Exploring Linear Feature Disentanglement For Neural Networks

03/22/2022
by   Tiantian He, et al.
0

Non-linear activation functions, e.g., Sigmoid, ReLU, and Tanh, have achieved great success in neural networks (NNs). Due to the complex non-linear characteristic of samples, the objective of those activation functions is to project samples from their original feature space to a linear separable feature space. This phenomenon ignites our interest in exploring whether all features need to be transformed by all non-linear functions in current typical NNs, i.e., whether there exists a part of features arriving at the linear separable feature space in the intermediate layers, that does not require further non-linear variation but an affine transformation instead. To validate the above hypothesis, we explore the problem of linear feature disentanglement for neural networks in this paper. Specifically, we devise a learnable mask module to distinguish between linear and non-linear features. Through our designed experiments we found that some features reach the linearly separable space earlier than the others and can be detached partly from the NNs. The explored method also provides a readily feasible pruning strategy which barely affects the performance of the original model. We conduct our experiments on four datasets and present promising results.

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1 Introduction

Neutral networks (NNs) have achieved great success in a large variety of fields, e.g., multi-media data processing, natural language processing, and speech recognition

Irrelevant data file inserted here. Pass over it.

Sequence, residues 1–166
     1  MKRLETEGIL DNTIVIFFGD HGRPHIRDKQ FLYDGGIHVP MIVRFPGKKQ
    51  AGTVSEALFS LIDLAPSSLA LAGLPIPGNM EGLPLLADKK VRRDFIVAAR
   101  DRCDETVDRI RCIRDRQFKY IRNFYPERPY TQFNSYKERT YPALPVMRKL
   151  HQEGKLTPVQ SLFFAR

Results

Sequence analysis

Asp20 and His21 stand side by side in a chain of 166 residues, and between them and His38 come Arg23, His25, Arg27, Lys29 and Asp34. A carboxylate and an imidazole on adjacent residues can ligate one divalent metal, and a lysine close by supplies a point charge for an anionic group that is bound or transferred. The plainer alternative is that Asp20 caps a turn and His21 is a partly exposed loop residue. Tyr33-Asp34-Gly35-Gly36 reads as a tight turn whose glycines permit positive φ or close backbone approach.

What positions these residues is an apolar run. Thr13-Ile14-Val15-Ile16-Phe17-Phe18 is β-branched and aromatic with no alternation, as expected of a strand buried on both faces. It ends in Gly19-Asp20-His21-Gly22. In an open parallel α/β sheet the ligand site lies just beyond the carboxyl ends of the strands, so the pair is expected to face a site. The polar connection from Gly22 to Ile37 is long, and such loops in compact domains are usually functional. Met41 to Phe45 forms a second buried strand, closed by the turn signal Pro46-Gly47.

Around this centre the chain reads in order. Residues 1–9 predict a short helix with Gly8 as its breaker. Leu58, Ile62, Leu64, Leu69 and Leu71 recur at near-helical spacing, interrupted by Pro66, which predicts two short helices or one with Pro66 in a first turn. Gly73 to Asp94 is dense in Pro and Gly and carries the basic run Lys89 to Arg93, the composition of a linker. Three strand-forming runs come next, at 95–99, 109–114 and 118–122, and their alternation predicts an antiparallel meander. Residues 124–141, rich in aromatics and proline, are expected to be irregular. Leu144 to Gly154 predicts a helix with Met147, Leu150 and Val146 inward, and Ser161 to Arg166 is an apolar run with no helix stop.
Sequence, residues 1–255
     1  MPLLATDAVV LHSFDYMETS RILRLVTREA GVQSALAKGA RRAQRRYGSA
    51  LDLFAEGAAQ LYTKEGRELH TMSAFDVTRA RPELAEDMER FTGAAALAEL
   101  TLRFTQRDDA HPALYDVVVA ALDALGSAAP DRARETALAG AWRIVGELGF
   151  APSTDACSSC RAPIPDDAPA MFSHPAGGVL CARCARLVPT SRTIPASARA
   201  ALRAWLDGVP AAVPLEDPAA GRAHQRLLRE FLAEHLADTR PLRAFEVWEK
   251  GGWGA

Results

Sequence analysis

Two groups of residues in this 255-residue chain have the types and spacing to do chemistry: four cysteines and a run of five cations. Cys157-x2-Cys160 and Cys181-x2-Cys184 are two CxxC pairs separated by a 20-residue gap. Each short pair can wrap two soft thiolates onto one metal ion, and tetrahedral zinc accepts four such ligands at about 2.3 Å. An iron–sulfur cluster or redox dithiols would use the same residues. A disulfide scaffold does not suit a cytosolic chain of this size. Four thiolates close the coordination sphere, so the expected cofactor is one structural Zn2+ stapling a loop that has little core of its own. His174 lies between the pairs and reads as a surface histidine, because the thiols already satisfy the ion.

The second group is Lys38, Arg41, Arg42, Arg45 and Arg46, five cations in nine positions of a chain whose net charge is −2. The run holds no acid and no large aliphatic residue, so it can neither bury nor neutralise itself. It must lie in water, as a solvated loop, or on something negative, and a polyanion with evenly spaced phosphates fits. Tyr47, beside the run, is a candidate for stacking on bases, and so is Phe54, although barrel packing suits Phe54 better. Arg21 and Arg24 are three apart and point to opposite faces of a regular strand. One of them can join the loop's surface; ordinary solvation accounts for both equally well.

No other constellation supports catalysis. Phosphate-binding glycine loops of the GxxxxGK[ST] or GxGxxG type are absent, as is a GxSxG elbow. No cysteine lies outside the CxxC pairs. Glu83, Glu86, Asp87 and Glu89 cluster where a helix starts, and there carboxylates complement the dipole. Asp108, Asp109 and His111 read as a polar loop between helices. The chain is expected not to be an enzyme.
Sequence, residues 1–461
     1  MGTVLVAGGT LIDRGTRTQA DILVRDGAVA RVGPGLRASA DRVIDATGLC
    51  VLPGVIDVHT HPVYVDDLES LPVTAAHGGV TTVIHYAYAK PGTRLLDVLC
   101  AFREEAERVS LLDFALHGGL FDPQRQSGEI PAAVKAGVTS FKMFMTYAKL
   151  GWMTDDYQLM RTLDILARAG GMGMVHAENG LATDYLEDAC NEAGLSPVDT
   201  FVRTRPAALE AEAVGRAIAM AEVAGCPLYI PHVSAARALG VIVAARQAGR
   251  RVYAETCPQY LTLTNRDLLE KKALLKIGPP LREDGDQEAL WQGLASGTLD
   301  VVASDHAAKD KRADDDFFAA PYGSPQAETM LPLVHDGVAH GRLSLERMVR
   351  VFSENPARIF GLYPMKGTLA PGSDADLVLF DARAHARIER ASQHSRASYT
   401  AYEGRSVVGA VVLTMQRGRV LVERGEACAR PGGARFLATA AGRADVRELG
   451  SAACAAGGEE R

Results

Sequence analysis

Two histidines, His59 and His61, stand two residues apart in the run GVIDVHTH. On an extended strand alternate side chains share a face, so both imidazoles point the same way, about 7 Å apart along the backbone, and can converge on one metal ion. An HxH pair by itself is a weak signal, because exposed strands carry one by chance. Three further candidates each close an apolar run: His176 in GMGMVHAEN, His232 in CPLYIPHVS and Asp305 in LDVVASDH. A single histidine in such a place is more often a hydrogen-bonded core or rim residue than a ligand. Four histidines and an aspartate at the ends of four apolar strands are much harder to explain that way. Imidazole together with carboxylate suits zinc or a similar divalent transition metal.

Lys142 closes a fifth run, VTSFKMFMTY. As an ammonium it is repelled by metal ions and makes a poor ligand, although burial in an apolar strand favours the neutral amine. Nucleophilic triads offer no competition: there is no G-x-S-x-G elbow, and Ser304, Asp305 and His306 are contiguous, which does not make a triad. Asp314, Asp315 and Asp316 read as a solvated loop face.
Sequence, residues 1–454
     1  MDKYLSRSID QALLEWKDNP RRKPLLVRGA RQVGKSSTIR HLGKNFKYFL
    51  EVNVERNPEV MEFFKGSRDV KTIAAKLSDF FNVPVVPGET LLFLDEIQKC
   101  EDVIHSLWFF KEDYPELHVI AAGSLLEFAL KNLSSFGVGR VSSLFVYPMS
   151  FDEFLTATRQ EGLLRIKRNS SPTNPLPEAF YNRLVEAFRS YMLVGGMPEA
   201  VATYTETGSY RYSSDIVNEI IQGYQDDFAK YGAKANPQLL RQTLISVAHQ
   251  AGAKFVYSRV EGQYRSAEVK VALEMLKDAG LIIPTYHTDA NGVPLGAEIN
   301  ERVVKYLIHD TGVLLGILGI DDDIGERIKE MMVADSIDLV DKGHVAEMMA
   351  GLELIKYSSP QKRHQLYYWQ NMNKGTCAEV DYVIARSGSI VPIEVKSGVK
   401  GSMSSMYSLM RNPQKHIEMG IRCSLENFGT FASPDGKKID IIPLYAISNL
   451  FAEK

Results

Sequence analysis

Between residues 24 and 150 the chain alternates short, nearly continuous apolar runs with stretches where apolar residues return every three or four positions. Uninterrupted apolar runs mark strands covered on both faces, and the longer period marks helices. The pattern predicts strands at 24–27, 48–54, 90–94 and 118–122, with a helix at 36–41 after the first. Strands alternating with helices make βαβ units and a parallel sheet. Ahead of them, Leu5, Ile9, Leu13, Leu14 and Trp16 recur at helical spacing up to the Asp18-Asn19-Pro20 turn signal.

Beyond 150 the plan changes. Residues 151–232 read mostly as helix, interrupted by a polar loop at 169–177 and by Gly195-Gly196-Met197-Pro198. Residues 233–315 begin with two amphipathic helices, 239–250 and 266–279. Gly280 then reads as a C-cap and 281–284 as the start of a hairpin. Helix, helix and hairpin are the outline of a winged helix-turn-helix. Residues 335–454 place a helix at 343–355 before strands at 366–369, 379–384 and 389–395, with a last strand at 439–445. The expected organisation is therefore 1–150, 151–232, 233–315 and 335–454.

[9]. Non-linear activation functions, e.g., Sigmoid, ReLU [16], and Tanh, play important roles in NNs. The accumulation of multiple activation functions enables the NN to fit any continuous function, as well as projects samples with complex non-linear characteristics from their original feature space to a linear separable feature space [7].

In this study, we aim to explore that whether all features need to be transformed by non-linear activation functions in current typical NNs, i.e., whether there exists a part of features have reached a linearly separable space earlier than the others during the learning process. Accordingly, such features do not need to pass the non-linear transformation while using an affine transformation instead. As illustrated in (a) of Fig. 

1, two samples are presented into three dimensions. It is apparent that these two samples can be distinguished by their features in z axis via a linear interface, but linearly indistinguishable in the x and y axes because they are projected to the same point (see (b) in Fig. 1

). In this case, we illustrate that the features in the third dimension (z) are linear separable, and features in the first two dimensions (x and y) are required further non-linear variation. Note that, these linear distinguishable features do not mean that samples can be classified based solely on them, it is a complex learning process.

To verify our hypothesis, we explore the problem of linear feature disentanglement in neural networks. Specifically, we design a learnable mask module to distinguish between linear features and non-linear features. The mask module generates two complementary binary masks for disentangling linear features. To overcome the non-differentiable problem of the binary mask in the back-propagation, we adopt the straight-through estimator